Once William has proven his worth in battle, he is accepted into this Chinese Alamo as a fellow combatant, which gives him time to strike up a friendship of sorts with the commander of the Crane Corps, Lin Mae (Jing Tian of “Special ID”), who happens to speak flawless English.
Boy, those finishing schools in China were really something in those days! No, actually, the film does soon arrive at an explanation for her English proficiency when it introduces a gaunt Willem Dafoe as Ballard, a fellow seeker of gun powder who has been kept prisoner for some unexplained reason for 25 years. Having nothing better to do he taught Lin Mae English although why she’d want to learn a language no one speaks in her neighborhood is unclear.
(Even more unclear is how Strategist Lang, played by Hong Kong star Andy Lau, also knows perfect English. Perhaps he went to school with Lin.)
No time to think about much of this, however, as the attacks keep coming from the Taotie, a lizard-like mystical beast that lays siege to the Great Wall every 60 years. What they do between wars is anybody’s guess.
These otherworldly creatures, more like rejects from “Jurassic Park,” are extremely uninteresting as movie monsters go but apparently they do learn from their mistakes from 60 years prior: The attacks prove to be a distraction for the humans as the Taotie use their intelligence to find another way into the Imperial City.
There is a rote subplot about Ballard and Tovar scheming to steal the gun powder and escape during a siege but like all the human interaction in this film everything lacks back story, motivation and dimension. Lin does lecture William about the importance of teamwork and trust — as a mercenary he trusts no one, of course — but that’s as far as the movie ever ventures into a moral point.
In “Hero,” Zhang exhibited a surprising affinity for martial-arts action but here the fighting belongs more to the Marvel Comics universe. The battle scenes are captured well for all the formats this movie comes in — 2D, 3D and Imax — with occasional slo-mo shots of arrows or lances heading for the ferocious prey. Cinematographer Stuart Drysburgh (“Alice Through the Looking Glass”) works with Zhang regular Zhao Xiaoding to create the sharp imagery.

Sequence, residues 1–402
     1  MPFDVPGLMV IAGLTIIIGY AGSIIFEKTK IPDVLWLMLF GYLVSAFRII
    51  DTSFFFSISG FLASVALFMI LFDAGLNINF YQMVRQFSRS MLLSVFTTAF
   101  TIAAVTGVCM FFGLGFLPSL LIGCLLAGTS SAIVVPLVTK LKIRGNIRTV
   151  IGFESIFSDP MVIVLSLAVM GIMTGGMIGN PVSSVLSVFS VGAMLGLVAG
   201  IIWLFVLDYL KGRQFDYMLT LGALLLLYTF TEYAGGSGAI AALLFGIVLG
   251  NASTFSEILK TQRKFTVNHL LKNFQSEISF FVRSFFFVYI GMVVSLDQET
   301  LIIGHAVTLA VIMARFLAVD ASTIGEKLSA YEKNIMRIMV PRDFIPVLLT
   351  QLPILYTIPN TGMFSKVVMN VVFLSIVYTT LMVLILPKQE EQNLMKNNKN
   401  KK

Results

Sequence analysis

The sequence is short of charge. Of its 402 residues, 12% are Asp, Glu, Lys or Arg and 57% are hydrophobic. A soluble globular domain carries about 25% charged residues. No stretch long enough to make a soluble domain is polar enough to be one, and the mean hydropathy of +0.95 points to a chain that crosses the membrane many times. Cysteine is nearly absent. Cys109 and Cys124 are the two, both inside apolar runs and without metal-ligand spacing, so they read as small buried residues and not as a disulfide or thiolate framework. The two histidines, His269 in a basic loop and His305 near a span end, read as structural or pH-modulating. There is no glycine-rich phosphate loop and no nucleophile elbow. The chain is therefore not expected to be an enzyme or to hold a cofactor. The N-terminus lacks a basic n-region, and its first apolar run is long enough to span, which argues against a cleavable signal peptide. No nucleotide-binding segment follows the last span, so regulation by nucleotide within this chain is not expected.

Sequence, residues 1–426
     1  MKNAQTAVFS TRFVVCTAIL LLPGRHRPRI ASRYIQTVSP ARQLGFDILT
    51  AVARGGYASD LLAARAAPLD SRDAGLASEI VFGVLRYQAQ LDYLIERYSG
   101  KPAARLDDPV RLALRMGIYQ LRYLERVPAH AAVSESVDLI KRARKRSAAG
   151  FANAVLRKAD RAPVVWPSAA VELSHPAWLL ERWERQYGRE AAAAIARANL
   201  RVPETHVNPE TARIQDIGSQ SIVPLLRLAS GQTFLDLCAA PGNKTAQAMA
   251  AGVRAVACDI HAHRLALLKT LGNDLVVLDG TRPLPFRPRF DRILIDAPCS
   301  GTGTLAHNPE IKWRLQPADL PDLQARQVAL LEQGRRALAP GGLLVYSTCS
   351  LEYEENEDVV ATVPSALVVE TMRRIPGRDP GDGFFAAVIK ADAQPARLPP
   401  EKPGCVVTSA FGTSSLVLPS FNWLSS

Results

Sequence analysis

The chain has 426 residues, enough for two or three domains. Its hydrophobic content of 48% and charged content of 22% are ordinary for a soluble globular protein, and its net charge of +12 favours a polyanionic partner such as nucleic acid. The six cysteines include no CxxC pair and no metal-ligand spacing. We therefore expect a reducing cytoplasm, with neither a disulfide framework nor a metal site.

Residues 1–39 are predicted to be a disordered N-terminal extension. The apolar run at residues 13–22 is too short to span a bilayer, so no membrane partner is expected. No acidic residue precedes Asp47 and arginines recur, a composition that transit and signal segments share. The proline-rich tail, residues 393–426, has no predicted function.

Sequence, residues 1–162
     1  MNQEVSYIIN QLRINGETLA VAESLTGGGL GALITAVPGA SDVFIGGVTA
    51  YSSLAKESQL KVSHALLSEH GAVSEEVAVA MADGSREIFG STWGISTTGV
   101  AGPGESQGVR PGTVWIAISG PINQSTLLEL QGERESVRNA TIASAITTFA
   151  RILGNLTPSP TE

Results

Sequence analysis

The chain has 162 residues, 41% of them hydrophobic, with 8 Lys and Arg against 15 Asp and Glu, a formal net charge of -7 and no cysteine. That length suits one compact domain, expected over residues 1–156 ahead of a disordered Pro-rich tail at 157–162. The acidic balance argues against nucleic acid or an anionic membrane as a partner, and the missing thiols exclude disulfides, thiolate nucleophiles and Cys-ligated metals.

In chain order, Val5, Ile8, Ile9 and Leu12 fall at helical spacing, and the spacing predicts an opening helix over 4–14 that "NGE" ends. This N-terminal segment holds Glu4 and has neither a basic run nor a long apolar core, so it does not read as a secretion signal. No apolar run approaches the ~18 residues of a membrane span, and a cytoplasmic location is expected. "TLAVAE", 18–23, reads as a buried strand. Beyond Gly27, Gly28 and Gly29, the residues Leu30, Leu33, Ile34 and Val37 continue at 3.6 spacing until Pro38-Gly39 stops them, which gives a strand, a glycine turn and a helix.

The editing by Mary Jo Markey (“Star Wars: The Force Awakens” and Craig Wood (the “Pirates of the Caribbean” franchise) is lickety-split, certainly making the movie move like a bullet. At 103 minutes it’s just about right for a monster movie. Only you keep thinking: shouldn’t this historic co-production be more than a routine monster movie?
The movie was first announced in 2011 as an English tentpole project to launch Legendary East, the new Chinese arm of Legendary Pictures (since acquired by China’s Wanda Media). The project was to be directed by “The Last Samurai” director Edward Zwick, who co-wrote the original screenplay with his partner Marshall Herskovitz, working from a concept from Legendary CEO Thomas Tull and “World War Z” author Max Brooks.
But things went south — or maybe I should say east — as Zhang came aboard and the script was reworked (one imagines hugely to get that “universal” appeal I mentioned earlier) by Carlo Bernard, Doug Milo and even Tony Gilroy coming in to lend a hand.
The project now features more Mandarin dialogue and a bigger Chinese cast than was originally planned, but it also turns into a monster movie instead of a cross-cultural east-meets-west story that might have given more dimension and greater vision to the action flick.
Yet this is the future of international movies such as this. Even with top stars and a fine director, the vision is that of producers with eyes on the box office and little concern for creativity.
Opens: February 17, 2017 (Universal Pictures) Production companies: Legendary Pictures, Atlas Entertainment, Le Vision Pictures, China Film Group
Cast: Matt Damon, Jing Tian, Pedro Pascal, Willem Dafoe, Zhang Hanya, Eddie Peng, Lu Han, Andy Lau, Lin Gengxin
Director: Zhang Yimou
Screenwriters: Carlo Bernard, Doug Miro,Tony Gilroy
Story by: Max Brooks, Edward Zwick & Marshall Herskowitz
Producers: Thomas Tull, Charles Roven, Jon Jashni, Peter Loehr
Executive producers: Jillian Share, Alex Gartner, La Peikang, Zhang Zhao, E. Bennett Walsh
Directors of photography: Stuart Dryburgh, Zhao Xiaoding
Production designer: John Myrhe
Music: Ramin Djawadi
Costume designer: Mayes C. Rubeo
Editors: Mary Jo Markey, Craig Wood
PG-13 rating, 103 minutes